@Jefffrey "it can't be wrong because" reason - sorry, your definition is wrong because it's just not what it means.
 
@Unihedro It also means mis-use of an API
as Josh Bloch referred to it as
 
@VinceEmigh lmgtfy.com/?q=JLS
 
// before
public void foo(int x)
{
    this.x = x;
}
// after
public void foo(int x)
{
    if (x < 0) throw new Exception();   // this breaks old clients, because they didn't know about the exception before
    this.x = x;
}
 
7:42 PM
It compiles.
 
And it still breaks clients.
 
So? It doesn't break code, only clients.
 
@Unihedro Smooth... Too bad the JLS is the specifications for the language, and does not account for API design
 
hello... wassup! belated christmas greetings..
 
@Unihedro Nor the terminology that goes with it
 
7:43 PM
@VinceEmigh Are you kidding? It even comes with recommendations for using the Java API and implementions of the JVM.
Heya @LeeJeong
//closed as off topic: This question appears to be off topic because it shows minimal understanding.
 
fge
@FredOverflow does not compile
 
Its like you linked me to the JLS without reading it youraelf. The JLS and JVMS are different things, and even if it recommends using the Java API, it does not account for API terminology
 
Well, it does.
 
@fge Why?
 
@Unihedro Well it doesn't /: Sorry m8
 
fge
7:45 PM
@FredOverflow you cannot throw a checked exception without declaring it as thrown at the method level
It has to be unchecked, or an Error
 
Fine, replace it with RuntimeException or whatever the correct type is.
 
@VinceEmigh I'm going to circle the part to show you that it does and then you will pay for the trouble you caused.
 
@Unihedro got my wallet ready...
 
fge
yawn this end of year is filled with pointless debates, it seems
 
Nope, chat timeout something more
 
7:48 PM
I wish I could join the conversation but I don't know enough >_>
 
Oh wait, it still doesn't compile, because the Java compiler does not unterstand the //before and //after comments, and you can't have two foo(int) methods! Also, I forgot to put the methods inside a class.
 
it does
 
fge
@FredOverflow you really don't know the language, do you? C++ style comments work just fine
 
I just changed how the Java compiler runs, so now repeated methods are allowed.
 
fge
So, pray tell, why are you discussing the language at all?
 
7:48 PM
@Gemtastic Feel free to start a topic you understand (or don't, your choice)
 
@fge Yes, but they are ignored by the compiler, so the compiler sees two foo methods.
 
fge
Stop procrastinating and just go do stuff -- like @Unihedro and I do
 
@VinceEmigh I will when I'm done with the site design for the webshop. When the time comes to begin the backending
 
@fge It was never my intention to discuss Java. Breaking APIs is possible in any language. I just posted Java-ish pseudocode which clearly does not compile.
 
@fge will do sir ;P
 
fge
7:51 PM
Well, is there any contest in the fact that breaking APIs is bad? No. So why discuss it at all?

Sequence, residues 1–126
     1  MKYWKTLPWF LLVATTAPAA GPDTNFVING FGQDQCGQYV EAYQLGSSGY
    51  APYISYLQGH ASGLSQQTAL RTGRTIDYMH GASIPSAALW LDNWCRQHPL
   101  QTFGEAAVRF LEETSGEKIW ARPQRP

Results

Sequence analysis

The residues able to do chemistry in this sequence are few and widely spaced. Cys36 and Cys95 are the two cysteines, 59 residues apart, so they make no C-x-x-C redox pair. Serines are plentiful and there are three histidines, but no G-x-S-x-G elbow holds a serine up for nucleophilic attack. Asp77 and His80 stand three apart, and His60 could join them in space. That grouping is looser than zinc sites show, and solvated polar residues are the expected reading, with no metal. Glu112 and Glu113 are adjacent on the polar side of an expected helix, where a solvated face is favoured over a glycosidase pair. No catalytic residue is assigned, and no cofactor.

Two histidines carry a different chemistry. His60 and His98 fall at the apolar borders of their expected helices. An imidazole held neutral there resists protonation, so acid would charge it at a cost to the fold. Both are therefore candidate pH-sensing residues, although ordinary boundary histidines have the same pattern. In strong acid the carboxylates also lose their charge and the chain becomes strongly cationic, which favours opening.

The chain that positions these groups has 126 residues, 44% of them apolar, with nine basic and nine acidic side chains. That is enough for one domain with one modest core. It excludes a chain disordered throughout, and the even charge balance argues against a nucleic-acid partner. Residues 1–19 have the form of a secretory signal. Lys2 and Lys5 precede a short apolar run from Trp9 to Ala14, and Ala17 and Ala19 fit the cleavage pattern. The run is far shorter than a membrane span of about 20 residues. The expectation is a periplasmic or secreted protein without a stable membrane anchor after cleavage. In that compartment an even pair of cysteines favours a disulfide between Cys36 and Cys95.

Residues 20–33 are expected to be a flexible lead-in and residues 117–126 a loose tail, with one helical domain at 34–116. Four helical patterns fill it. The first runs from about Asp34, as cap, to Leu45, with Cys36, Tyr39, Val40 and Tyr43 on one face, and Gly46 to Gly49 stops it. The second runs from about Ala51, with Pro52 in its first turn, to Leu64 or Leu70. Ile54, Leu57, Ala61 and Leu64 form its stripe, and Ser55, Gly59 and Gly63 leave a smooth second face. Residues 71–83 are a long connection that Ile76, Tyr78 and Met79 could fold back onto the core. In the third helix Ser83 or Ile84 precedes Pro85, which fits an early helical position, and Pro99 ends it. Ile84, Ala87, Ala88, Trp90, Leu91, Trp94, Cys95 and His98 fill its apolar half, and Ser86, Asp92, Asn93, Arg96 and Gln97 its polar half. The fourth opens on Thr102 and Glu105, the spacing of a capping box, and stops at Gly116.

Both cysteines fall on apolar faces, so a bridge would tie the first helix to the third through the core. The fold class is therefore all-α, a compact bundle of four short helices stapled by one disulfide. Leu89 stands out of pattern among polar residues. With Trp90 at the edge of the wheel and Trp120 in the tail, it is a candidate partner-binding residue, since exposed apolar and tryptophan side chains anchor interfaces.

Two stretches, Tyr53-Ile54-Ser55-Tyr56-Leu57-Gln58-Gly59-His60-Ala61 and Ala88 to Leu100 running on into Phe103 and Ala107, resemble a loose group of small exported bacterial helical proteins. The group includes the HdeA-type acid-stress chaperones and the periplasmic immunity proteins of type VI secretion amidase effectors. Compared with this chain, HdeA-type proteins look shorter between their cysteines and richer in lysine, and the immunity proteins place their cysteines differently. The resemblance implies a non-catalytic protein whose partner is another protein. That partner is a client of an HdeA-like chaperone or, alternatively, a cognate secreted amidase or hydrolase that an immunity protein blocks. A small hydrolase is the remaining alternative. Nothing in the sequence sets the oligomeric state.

@fge Are you pro or con checked exceptions?
 
fge
Pro
 
Do you miss them in other languages?
 
fge
Yes, I do
Except in C, but well, C is special
 
Why do you think other languages don't have them (yet)?
 
7:51 PM
@VinceEmigh Directly implying that she has the time to, especially with you visitors here, whose points bring no educational value point of interest
 
fge
No idea
 
I think Anders H. once said that their costs outweigh their benefits or something.
 
fge
I just happen to like them because they are a clear indication of when a situation can be recovered, and you choose how to recover them
 
@Unihedro What's your problem? You still haven't proven me wrong, and I have yet to hear one profitable thing from you. Get over yourself
 
presses the "I quit this conversation" button; pushes chair back in place and walks to IDE
 
fge
7:53 PM
Well, Anders H. has his opinions, I have mine
Also, I hate it how languages which do not have them generally blissfully forget to document what exceptions can be thrown, damnit
 
@Unihedro breaking CAN mean misusing an API, so if you ask me, you're hurting this chat
 
fge
If they did, actually I could act on them
But no
 
except... I didn't ask you @Vince
 
@Unihedro does that mean you'll finally catch some Z?
 
No, code
 
7:54 PM
XD
 
fge
@Unihedro pull --rebase
 
fetched and rebased
 
fge
And there is one thing I appreciate in Java: its ecosystem
It's very mature, and very solid
Nobody can deny that
There are turds, like in any other language ecosystems; but there are a lot of gems
 
I'll come back when hospitality shows. Nice talking to most of you
 
@fge My feeling is that a lot of developers don't understand the conceptual difference between checked exceptions (recoverable runtime errors) and unchecked exceptions (mostly program bugs).
 
fge
7:58 PM
@FredOverflow I agree; and I admit it did take me some time to fully grasp the difference
 
This line warpping thing is back after I turn on vim emulation mode of the plugin.
 
@fge Like, it doesn't really make sense to catch an InvalidArgumentException.
 
fge
No it doesn't
And when I see catch (Exception e) I cringe
Unfortunately, RuntimeException extends Exception -- for me that's a design mistake of Java
 
In C++ you can even literally say catch (...) to catch anything, including integers :)
@fge agreed
 
fge
But it's far too late to fix that
 
7:59 PM
js as well
catch (t) {}
 
fge
    return value -> {
        try {
            return doApply(value);
        } catch (Error | RuntimeException e) {